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Reimaging Resource Constraints and Affordances: Smallholder, Environment and State Dynamics in Wello, Ethiopia Open Access


Other title
Coping strategies
Land tenure
Sociocultural chnage
Soil erosion
Land conservation
Relief aid
Environmental interaction
International cooperation
Crop production
Food insecurity
Indigenous knowledge
Land degradation
Agricultural extension
Livestock rearing
Environmental history
Type of item
Degree grantor
University of Alberta
Author or creator
Debalke, Mulugeta G.
Supervisor and department
Nuttall, Mark (Anthropology)
Examining committee member and department
Thompson, Guy (History and Classics)
John Parkins (Resource Economics and Environmental Sociology)
Lowrey, Kathleen (Anthropology)
Willoughby, Pamela (Anthropology)
Vallianatos, Helen (Anthropology)
Department of Anthropology

Date accepted
Graduation date
Doctor of Philosophy
Degree level
In this dissertation, I explore and analyze smallholders’ perceptual and cultural understandings of environmental opportunities and constraints regarding land, soil, rain and trees in mixed-crop-livestock agriculture among rural communities of Wärräbabbo in Wello, northeast Ethiopia. Also, I identify, examine and analyze their responses mainly to drought, de-vegetation, soil erosion, land scarcity and food shortage. Based on a processual ecological anthropology, I argue that their understandings and responses are informed not only by their culture and their immediate environment but also by the external environment existing beyond their direct knowledge and experience. Thus, inasmuch as they do not live in isolation from regional, national and international contexts, I argue that conditions largely beyond local influences and experiences like land tenure and relief aid need to be considered. Based on these findings, I discuss the ongoing shift from a traditional “ecocentric” to an anthropocentric valuation of the environment and its resources and constraints, including changes in the notion of resources from given to investible entities. In this regard, I demonstrate that small farmers’ perceptions, adaptive thoughts and cultural behaviors, including traditional ecological knowledge, though still distinct in many ways, yet are partly and slowly changing and converging with that of the state-model. Nonetheless, I stress that such a convergence does not necessarily result in better or ecologically superior resource management practices. In all cases, my work verifies the theory that, in the long run, consciousness and knowledge alone are not sufficient to diagnose and respond to environmental constraints and opportunities unless what is considered ‘normal’ is kept on a constant doubt. Combining history not only with ethnography but also some aspects of linkage to higher level organizations, I discuss how environmental resources and constraints are not just empirical experiences but also matters of social construction. I underline that the need to be ecological in the human-environment relation has to be an intrinsic value of our environmental ethics or our sense of being human rather than a mere time-framed project. Over the years, the communities I studied have been combining survival and sustainability, potentially affecting existing approaches of understanding environmental affordances and constraints.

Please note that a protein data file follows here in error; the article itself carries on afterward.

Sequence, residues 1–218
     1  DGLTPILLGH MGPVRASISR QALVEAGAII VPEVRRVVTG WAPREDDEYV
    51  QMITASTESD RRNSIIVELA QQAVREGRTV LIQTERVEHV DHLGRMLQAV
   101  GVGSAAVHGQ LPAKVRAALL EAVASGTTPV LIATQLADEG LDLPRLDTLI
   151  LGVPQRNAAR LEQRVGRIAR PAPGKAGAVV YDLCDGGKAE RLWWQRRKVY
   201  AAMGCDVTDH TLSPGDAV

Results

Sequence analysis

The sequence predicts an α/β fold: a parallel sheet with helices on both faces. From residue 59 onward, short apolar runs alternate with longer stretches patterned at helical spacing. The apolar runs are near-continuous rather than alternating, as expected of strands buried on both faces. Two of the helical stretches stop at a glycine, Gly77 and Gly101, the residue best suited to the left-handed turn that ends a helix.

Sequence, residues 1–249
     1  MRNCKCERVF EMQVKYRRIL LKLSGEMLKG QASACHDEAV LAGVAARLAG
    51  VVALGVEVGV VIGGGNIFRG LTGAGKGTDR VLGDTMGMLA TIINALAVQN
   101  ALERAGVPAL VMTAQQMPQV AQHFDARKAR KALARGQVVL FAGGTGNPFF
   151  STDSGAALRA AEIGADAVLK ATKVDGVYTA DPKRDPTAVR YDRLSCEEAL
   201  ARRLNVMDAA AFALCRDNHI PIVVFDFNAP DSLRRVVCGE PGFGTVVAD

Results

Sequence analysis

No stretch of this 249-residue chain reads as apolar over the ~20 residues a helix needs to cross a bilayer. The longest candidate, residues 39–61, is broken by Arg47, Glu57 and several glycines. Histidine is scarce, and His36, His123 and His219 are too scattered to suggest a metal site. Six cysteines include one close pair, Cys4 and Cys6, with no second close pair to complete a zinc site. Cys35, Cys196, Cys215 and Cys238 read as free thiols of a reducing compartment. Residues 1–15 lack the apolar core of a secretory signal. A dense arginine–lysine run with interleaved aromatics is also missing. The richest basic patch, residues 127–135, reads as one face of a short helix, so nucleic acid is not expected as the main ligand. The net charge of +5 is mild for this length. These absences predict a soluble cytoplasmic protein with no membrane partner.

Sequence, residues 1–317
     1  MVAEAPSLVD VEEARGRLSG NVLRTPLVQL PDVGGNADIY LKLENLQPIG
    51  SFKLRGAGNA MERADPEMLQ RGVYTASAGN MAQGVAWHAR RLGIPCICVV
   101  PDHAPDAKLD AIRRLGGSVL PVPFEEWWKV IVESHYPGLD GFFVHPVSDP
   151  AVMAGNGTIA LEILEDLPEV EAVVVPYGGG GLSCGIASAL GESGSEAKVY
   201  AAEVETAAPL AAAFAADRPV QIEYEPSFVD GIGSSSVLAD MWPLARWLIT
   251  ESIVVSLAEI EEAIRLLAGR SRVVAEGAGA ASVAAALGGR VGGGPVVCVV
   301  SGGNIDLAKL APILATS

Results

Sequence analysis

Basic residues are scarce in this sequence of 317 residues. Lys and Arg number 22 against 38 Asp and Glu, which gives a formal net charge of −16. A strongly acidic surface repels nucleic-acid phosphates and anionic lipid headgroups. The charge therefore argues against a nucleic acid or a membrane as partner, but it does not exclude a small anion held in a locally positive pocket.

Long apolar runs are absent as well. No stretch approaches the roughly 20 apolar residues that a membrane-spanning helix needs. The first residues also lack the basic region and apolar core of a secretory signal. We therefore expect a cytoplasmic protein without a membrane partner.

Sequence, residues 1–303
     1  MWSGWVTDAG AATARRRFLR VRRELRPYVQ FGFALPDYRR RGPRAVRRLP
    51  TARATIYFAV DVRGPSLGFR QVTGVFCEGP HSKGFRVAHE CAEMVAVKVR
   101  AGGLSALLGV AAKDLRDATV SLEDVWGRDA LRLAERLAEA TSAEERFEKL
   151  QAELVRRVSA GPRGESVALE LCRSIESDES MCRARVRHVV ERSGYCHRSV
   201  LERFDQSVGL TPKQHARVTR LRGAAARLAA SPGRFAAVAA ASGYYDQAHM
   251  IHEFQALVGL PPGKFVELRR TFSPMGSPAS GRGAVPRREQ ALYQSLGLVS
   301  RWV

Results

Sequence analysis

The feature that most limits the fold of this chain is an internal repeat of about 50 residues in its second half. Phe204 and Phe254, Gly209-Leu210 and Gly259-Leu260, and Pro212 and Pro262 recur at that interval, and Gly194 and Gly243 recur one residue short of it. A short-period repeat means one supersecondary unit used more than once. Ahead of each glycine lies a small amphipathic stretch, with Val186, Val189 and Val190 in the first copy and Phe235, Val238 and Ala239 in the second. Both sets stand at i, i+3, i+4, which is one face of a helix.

Permission is hereby granted to the University of Alberta Libraries to reproduce single copies of this thesis and to lend or sell such copies for private, scholarly or scientific research purposes only. Where the thesis is converted to, or otherwise made available in digital form, the University of Alberta will advise potential users of the thesis of these terms. The author reserves all other publication and other rights in association with the copyright in the thesis and, except as herein before provided, neither the thesis nor any substantial portion thereof may be printed or otherwise reproduced in any material form whatsoever without the author's prior written permission.
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